Toppan launches eco-friendly, tamper-resistant NFC tag

Toppan has launched a new, paper-based near-field communication (NFC) tag for customers who want to use the technology but are concerned about the environmental impact of current tags based on plastics.

There's another feature of the new tags that could also appeal to users, particularly those concerned about the security of the technology. As they are made of paper, the tags can be designed to break when removed, making communication impossible and thereby preventing fraudulent use due to reattachment of labels.

NFC is used for a wide range of industrial applications, such as contactless payments, supply chain management, ticketing, and identification and access control, as well as in some cases as an authentication technology that can protect goods from counterfeiting and open a communication channel with the purchaser via their smartphone.

For example, Toppan NFC tags have been used to fight counterfeiting of a range of goods, ranging from collectible Be@rBrick figures to alcoholic beverages and Chinese tea.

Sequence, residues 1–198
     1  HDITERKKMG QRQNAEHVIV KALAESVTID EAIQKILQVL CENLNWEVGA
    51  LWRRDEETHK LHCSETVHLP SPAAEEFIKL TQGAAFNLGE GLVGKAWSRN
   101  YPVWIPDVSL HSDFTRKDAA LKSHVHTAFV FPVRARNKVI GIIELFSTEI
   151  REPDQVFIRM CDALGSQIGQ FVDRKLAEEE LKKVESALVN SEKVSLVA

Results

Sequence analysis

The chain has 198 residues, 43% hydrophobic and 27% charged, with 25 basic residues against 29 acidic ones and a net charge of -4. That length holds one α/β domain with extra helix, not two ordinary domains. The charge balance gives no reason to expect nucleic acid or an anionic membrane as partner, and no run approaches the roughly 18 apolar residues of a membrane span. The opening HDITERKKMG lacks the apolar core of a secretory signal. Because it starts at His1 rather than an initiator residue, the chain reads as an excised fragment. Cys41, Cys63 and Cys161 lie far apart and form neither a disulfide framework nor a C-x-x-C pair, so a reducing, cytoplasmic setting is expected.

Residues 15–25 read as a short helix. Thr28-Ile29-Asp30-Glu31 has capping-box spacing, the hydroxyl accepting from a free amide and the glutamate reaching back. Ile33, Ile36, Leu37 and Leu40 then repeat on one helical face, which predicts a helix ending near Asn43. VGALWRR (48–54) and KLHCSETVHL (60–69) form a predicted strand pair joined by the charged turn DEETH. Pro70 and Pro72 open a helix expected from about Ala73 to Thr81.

Toppan said that the global value of NFC target is estimated around $3.8bn in 2020, but is growing at a phenomenal rate and expected to hit $15.5bn by the start of the next decade, according to figures from Allied Market Research.

It expects the new eco-friendly tag to find a ready market in Europe "due to the high level of environmental consciousness" in that region.

NFC tag labels are predominantly produced by using metal foil to form an antenna on a plastic substrate, such as PET film. As governments and businesses advance activities to move away from the use of plastic, the market for NFC tags is seeing growing demand for replacing plastic with paper materials that have lower environmental impact.

However, achieving sufficient communication performance has been challenging because the electrical resistance of circuits increases when printing methods employing conductive inks, such as widely-used silver nanoparticles, are used to form antennas on paper.

The paper tags are around 30 per cent thinner than their PET counterparts, but are expected to have a similar price per unit, depending on whether they need to be colour printed.

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